• You cannot avoid overrinding work() method if you are implementing Human interface.
  • So this is the time to use abstract classes.
  • If you use OtherHuman abstract class instead of using Human interface, then you can choose whatever methods which you need to be included to Student class.
  • That is why I extended OtherHuman abstract class to Student class.
  • Then I can override eat() and walk() without work() method.


So I think now you have a good idea about the difference between interfaces and abstract classes. Hope you can understand. 






Tuesday, March 29, 2016

Spring MVC hello world project




This is the third post under Spring MVC. In my previous posts I've mentioned following things.


In this post I'm gonna talk about, how to create your first Spring MVC hello world program. This is very simple. I'm going to create one controller and jsp page to demonstrate this with xml based configurations. I can deliver steps as follows.

  • Update web.xml file
  • Create front controller (dispatcher-servlet.xml)
  • Adding basic Beans to the front controller
  • Create Hello controller (Your own controller)
  • Create view page (index.jsp)

Update web.xml file

  1. Go to Spring reference Here I'm using Spring 4.1.6.RELEASE.
  2. Then search for dispatcher ( Hint: Ctrl+f and type dispatcher for search )
  3. Under The DispatcherServlet section, you will be able to see url mapping for front controller.
  4. Add this code to web.xml and do changes as follows.

<?xml version="1.0" encoding="UTF-8"?>
<web-app xmlns:xsi="http://www.w3.org/2001/XMLSchema-instance"
 xmlns="http://java.sun.com/xml/ns/javaee"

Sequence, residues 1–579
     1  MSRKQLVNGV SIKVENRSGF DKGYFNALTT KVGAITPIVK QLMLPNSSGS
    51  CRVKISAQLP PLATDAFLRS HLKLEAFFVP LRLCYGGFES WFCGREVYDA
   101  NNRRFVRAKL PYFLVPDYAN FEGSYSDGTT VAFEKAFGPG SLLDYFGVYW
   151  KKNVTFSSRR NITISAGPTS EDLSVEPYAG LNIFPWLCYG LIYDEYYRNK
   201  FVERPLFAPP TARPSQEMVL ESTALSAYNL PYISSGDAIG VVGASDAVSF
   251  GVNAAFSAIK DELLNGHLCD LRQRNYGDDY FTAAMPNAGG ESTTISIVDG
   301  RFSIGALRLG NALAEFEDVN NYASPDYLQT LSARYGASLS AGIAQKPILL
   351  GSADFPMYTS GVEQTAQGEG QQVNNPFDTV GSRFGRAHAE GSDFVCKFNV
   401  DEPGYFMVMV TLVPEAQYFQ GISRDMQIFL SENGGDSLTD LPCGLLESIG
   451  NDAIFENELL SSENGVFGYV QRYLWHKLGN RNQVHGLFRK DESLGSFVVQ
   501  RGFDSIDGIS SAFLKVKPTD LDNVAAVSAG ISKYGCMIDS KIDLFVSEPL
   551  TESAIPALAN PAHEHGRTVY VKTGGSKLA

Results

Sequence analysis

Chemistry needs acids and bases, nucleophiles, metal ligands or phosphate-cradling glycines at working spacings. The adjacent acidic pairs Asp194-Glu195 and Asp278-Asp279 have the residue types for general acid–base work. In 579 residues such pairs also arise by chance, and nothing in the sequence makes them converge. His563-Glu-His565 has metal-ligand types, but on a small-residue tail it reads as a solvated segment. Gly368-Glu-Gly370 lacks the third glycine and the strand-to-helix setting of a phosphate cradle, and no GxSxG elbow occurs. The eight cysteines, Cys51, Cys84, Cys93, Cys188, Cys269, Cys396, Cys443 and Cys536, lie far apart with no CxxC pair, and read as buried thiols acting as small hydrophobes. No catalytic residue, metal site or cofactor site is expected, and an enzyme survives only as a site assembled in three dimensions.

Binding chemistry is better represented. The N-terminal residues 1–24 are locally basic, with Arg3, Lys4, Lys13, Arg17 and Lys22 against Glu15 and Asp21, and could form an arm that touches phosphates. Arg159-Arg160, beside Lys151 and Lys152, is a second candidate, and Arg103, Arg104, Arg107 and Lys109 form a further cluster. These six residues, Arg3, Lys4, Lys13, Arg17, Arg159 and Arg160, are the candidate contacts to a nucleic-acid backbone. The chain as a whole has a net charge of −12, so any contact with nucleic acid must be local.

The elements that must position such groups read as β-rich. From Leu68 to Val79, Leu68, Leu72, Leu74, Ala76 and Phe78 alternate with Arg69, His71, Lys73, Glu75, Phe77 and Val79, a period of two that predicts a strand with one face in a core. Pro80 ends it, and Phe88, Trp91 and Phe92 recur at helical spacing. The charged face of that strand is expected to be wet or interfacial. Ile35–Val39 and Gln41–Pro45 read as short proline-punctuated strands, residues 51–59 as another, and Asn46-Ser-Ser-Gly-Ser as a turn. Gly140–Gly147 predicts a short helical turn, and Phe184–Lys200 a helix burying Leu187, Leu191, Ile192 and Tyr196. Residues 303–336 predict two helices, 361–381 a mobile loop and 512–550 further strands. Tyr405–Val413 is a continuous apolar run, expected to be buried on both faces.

xsi:schemaLocation="http://java.sun.com/xml/ns/javaee http://java.sun.com/xml/ns/javaee/web-app_3_0.xsd"
 version="3.0">
 <display-name>SpringTest</display-name>
 <welcome-file-list>
  <welcome-file>index.html</welcome-file>
 </welcome-file-list>

 <servlet>
  <servlet-name>dispatcher</servlet-name>
  <servlet-class>org.springframework.web.servlet.DispatcherServlet</servlet-class>
  <load-on-startup>1</load-on-startup>
 </servlet>

 <servlet-mapping>
  <servlet-name>dispatcher</servlet-name>
  <url-pattern>*.html</url-pattern>
 </servlet-mapping>

</web-app>

Create front controller (dispatcher-servlet.xml)


  • Create new Bean Configuration file in WEB-INF folder (Ctrl + n and type spring)

  • Give the name as dispatcher-servlet.xml (dispatcher in web.xml is exactly same as this file name)



  • Then you can add namespaces or you can just finish creating dispatcher-servlet (namespaces can be added later)
  • If you finished creating dispatcher-servlet.xml then you can add namespaces to the dispatcher-servlet using Namespaces tab.





<bean class="org.springframework.web.servlet.view.InternalResourceViewResolver" p:prefix="/WEB-INF/jsp/" p:suffix=".jsp"/>


  • Both are same, you can use whatever you prefer.
  • Finally your dispatcher-servlet.xml may look as below.